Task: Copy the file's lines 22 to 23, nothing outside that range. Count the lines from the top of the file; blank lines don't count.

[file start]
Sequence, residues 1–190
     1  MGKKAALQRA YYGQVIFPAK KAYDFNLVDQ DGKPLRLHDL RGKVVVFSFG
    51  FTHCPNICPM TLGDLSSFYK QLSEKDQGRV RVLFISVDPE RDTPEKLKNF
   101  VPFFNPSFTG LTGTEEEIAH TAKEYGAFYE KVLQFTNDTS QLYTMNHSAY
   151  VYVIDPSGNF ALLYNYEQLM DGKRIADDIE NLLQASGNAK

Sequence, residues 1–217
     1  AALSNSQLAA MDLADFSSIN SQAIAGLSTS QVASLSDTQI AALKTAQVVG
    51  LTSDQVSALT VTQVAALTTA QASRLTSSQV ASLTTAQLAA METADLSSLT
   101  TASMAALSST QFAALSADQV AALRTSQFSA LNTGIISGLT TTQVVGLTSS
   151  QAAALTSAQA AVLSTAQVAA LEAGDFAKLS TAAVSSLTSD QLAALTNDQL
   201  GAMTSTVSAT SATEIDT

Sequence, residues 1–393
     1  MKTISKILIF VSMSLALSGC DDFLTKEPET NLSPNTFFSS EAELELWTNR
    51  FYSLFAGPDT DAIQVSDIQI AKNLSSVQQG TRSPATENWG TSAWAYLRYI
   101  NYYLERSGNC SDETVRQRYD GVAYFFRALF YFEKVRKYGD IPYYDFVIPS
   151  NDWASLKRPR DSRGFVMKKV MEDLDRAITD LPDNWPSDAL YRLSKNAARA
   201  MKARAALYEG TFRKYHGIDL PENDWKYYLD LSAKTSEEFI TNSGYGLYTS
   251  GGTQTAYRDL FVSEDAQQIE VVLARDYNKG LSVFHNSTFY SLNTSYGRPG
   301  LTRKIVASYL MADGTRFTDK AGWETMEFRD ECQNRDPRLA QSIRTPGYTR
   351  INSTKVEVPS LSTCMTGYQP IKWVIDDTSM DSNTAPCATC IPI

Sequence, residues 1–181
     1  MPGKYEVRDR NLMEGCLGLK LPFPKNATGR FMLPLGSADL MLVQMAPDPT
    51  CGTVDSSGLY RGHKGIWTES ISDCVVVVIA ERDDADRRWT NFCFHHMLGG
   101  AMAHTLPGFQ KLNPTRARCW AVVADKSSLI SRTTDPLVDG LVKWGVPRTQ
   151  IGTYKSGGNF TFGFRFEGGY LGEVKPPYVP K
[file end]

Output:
     1  MPGKYEVRDR NLMEGCLGLK LPFPKNATGR FMLPLGSADL MLVQMAPDPT
    51  CGTVDSSGLY RGHKGIWTES ISDCVVVVIA ERDDADRRWT NFCFHHMLGG